First let’s talk about the London everyone knows: Greater London, or London, as it’s more commonly known. It’s not only the capital city of the United Kingdom, it’s also a county that covers a total area of 607 square miles and incorporates 32 boroughs, as well as the City of London – we’ll come to that in a second.
Presiding over London and its eight and a half million strong population – including the City of London – is the Greater London Authority (GLA), which is based in City Hall and consists of the Greater London Assembly and the Mayor of London, currently Sadiq Khan.
Now that we’ve got that out of the way, let’s move on to the City of London. It has its origins in the fortified Roman settlement of Londinium, which was erected roughly two thousand years ago on the northern bank of the River Thames and came to encompass one square mile within its walls. It is for this reason that despite the City of London actually covering an area of two square miles, Londoners still affectionately refer to it as ‘the Square Mile’.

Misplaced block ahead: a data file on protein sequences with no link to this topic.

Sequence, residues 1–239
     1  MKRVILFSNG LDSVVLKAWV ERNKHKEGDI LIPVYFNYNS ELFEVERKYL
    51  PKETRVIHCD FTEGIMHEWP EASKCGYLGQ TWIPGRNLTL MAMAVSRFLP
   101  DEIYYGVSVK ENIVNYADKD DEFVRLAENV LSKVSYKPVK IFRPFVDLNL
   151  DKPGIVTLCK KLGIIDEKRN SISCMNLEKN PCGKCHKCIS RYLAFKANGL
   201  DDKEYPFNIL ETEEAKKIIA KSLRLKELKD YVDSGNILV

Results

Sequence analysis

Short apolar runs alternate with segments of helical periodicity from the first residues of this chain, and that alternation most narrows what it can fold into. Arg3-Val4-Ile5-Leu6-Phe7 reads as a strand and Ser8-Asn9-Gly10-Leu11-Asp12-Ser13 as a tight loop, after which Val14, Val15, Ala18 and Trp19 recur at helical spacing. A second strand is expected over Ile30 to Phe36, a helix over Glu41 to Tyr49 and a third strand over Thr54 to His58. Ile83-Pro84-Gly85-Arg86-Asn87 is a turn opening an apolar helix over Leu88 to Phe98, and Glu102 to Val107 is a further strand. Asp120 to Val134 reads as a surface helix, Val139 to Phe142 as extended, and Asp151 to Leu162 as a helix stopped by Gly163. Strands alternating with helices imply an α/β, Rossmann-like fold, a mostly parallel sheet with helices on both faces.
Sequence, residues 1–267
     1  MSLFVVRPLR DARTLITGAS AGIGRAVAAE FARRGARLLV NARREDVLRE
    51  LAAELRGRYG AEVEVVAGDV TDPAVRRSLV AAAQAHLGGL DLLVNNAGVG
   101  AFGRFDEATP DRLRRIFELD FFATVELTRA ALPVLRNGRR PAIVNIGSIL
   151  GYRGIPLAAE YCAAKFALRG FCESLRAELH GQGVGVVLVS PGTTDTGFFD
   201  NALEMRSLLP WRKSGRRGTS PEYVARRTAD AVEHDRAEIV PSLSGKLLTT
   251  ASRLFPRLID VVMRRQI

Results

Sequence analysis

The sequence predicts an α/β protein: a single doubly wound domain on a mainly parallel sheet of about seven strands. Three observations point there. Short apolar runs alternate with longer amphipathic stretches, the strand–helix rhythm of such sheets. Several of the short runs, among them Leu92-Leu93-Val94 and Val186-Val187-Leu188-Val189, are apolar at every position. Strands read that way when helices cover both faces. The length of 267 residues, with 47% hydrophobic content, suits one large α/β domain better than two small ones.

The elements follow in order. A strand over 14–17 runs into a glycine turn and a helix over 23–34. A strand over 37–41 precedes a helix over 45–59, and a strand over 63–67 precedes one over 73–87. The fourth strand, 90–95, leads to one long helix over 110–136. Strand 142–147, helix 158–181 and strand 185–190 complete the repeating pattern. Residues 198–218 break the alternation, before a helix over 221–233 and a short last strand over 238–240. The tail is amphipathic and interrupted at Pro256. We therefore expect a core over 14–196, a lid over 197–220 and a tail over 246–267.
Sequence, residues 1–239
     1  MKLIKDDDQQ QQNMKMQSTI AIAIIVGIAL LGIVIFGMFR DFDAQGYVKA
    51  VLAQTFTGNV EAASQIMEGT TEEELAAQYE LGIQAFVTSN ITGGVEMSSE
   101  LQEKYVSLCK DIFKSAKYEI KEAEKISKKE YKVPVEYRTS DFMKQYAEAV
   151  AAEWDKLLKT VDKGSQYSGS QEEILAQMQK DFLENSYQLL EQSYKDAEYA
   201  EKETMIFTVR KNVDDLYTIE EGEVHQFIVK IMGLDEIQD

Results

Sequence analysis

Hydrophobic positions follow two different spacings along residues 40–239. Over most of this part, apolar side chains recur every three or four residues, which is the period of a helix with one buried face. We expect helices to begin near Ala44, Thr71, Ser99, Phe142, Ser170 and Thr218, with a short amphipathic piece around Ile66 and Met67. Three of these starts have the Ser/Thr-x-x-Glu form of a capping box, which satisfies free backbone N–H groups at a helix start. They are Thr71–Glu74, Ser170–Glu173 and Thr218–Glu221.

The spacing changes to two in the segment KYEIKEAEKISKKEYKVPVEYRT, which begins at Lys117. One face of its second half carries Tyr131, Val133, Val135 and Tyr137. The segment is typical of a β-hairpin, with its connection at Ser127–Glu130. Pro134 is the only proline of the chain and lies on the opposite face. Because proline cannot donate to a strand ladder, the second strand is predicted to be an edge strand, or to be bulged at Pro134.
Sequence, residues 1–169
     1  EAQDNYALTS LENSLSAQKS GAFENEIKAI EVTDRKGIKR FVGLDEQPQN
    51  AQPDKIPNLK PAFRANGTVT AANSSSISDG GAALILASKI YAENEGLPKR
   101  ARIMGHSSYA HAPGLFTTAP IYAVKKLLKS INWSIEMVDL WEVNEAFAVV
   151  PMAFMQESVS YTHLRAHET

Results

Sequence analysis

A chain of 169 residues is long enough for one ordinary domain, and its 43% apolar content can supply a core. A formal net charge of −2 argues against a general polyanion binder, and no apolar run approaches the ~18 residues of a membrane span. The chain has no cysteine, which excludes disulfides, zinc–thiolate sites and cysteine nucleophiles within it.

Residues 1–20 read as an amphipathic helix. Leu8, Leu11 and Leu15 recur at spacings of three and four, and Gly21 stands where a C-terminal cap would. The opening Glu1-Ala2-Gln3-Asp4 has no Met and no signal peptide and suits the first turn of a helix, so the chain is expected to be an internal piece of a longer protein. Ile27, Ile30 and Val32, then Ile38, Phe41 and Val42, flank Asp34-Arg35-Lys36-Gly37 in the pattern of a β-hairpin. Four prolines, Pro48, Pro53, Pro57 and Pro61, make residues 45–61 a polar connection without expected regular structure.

Marked with cast iron dragons in the street, the boundaries of the City of London stretch north from Temple and the Tower of London on the River Thames to Chancery Lane in the west and Liverpool Street in the east. While the City only has 10,000 residents, 400,000 daily commuters – who work in buildings like the Gherkin, the Cheesegrater and the Walkie-Talkie – and 10 million annual tourists help to keep the Square Mile alive and thriving.
Although it falls under the jurisdiction of Greater London and the GLA, the City of London has a special status: it has its own government, its own mayor and its own independent police force. The City of London Corporation operates from the Guildhall and is composed of the Lord Mayor of London, the Court of Aldermen and the Court of Common Council. While the Lord Mayor of London may have a fancier title – and outfit – the Mayor of London wields significantly more political power.
One of the main functions of the City of London, is representing the interests of Britain’s financial services. The City is home to the Bank of England and has traditionally been considered the financial heart of the UK. However, it has lost its place as the biggest employer of bankers in Europe to East London’s Canary Wharf in recent years. Despite Brexit and the threat it poses to the capital’s financial preeminence, the financial crown of Europe still rests dubiously on London’s head.